Alternatively, a cannabis company can use an in-vessel digestion system, a composting type in a tank or reactor. Multiple in-vessel digestion centers do this as a service, but producers can also have an on-site digestion system. Remember that every cannabis producer must have the proper permits for in-vessel digestion.

Recycling Packaging Materials

Reduce, reuse, and recycle is a common phrase and is practiced on at least a smaller scale by cannabis companies.

While composting is mainly to minimize organic waste, recycling cannabis products will help to minimize inorganic by-products. Glass lids, metal containers, and plastic packaging can be recycled in many communities. Vape pens, while they are technically recyclable, are not accepted by most recycling services.

Cannabis consumers can minimize waste by reusing or upcycling cannabis containers, and brands can encourage their patrons to do so. High-quality plastic or malleable containers are easily reusable or can be upcycled for use around the home. Cannabis containers make great spaces for storing spices, tinctures, or other household supplies.

Alternatively, suppose you want to discard the container. Many dispensaries provide take-back programs. Participating dispensaries accept the empty container and ensure that it reaches the appropriate recycling facility. Ask at your dispensary about their take-back policy.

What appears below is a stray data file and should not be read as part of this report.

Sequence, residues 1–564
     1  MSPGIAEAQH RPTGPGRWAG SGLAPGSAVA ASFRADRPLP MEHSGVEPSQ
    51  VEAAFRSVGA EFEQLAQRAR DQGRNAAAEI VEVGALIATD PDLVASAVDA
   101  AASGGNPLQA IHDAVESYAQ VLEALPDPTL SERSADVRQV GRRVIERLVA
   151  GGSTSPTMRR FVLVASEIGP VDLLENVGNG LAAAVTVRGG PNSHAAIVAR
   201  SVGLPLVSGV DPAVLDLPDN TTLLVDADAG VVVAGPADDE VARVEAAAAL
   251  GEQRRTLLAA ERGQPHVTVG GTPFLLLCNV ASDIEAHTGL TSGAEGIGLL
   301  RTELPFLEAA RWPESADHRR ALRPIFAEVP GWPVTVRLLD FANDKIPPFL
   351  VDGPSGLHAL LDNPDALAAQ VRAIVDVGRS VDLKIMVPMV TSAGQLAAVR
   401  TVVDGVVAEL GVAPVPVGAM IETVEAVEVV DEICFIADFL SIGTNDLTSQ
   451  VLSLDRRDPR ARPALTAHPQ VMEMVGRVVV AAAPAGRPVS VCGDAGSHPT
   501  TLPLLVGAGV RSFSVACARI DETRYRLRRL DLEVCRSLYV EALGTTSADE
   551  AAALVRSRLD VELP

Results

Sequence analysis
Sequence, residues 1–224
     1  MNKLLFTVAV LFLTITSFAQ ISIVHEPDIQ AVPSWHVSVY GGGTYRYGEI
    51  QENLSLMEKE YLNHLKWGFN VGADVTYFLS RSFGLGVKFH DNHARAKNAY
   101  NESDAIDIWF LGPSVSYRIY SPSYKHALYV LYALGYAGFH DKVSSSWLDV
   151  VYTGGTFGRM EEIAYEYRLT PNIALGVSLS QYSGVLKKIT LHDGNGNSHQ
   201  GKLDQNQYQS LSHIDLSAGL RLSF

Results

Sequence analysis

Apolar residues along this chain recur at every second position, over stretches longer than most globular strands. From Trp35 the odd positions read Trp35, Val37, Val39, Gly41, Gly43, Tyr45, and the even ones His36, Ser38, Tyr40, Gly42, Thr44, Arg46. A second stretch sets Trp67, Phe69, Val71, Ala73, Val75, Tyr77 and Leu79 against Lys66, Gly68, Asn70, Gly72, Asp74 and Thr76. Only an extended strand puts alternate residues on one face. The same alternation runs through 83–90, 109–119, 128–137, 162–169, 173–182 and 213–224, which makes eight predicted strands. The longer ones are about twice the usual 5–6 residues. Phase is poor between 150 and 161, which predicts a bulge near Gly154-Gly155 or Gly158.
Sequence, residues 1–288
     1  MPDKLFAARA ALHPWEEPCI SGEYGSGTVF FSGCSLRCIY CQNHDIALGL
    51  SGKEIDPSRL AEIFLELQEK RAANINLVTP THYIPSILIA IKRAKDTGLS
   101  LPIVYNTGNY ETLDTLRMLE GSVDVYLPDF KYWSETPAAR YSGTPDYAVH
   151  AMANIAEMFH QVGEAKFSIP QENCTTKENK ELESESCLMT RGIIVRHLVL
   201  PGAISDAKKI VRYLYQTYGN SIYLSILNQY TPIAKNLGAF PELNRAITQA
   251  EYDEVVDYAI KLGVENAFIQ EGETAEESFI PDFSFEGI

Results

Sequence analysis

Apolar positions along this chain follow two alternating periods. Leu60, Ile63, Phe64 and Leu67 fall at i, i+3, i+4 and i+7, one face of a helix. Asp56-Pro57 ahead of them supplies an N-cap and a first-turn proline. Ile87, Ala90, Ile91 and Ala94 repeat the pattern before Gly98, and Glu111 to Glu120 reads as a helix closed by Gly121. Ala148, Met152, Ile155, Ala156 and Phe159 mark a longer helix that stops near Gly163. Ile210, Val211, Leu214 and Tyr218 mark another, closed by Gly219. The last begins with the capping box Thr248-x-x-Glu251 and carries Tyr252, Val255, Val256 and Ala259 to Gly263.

Companies like Sana Packaging are leading the way in sustainable cannabis packaging — by using 100% plant-based hemp plastic or reclaimed ocean-bound plastic to manufacture their cartridges and other products.

Industrial hemp has many surprising uses, after all. Using products made from plant-based hemp plastic or recycled ocean plastics minimizes your carbon footprint.

Repurposing Cannabis By-Products

Apart from recycling, you can also turn cannabis by-products into different items, like animal bedding or construction materials. The THC-free version of cannabis, hemp can be repurposed for various materials and products — you’ve probably used a hemp rope, for example.

Cultivators can use extra hemp stalks to make animal bedding. Companies like CanapaOro have already started taking this step towards sustainable growth.

Another unique way to repurpose cannabis waste is by pressure-compressing it and turning it into construction material. Construction companies can then use this to make houses, buildings, etc. Although this technique is in its infancy, it has much potential.

Choosing Sustainable Cannabis Products

The cannabis industry is rapidly growing and evolving, and the need for more sustainable practices comes with that. One way to reduce waste in the cannabis industry is to embrace a circular economy. By adopting a circular economy, the cannabis industry can reduce waste, conserve resources, and protect the environment.

If you’re in the cannabis business, switching over to plant-based or recyclable plastics for your packaging can help significantly decrease your carbon footprint. Further, cultivators should compost their cannabis farming waste and can even sell the leftover hemp stalks to companies to turn into other by-products.

On an individual basis, you can play your part by asking your local dispensary about their take-back program and recycling techniques. Try to upcycle your cannabis containers whenever you can, and when buying cannabis-related products, ensure that it’s made from recyclable plastic.

All these practices can help the industry move towards becoming a circular economy, reducing cannabis waste, conserving resources, and protecting the environment.

About the Author

Eric is the managing director of Alpharoot, a cannabis business insurance provider.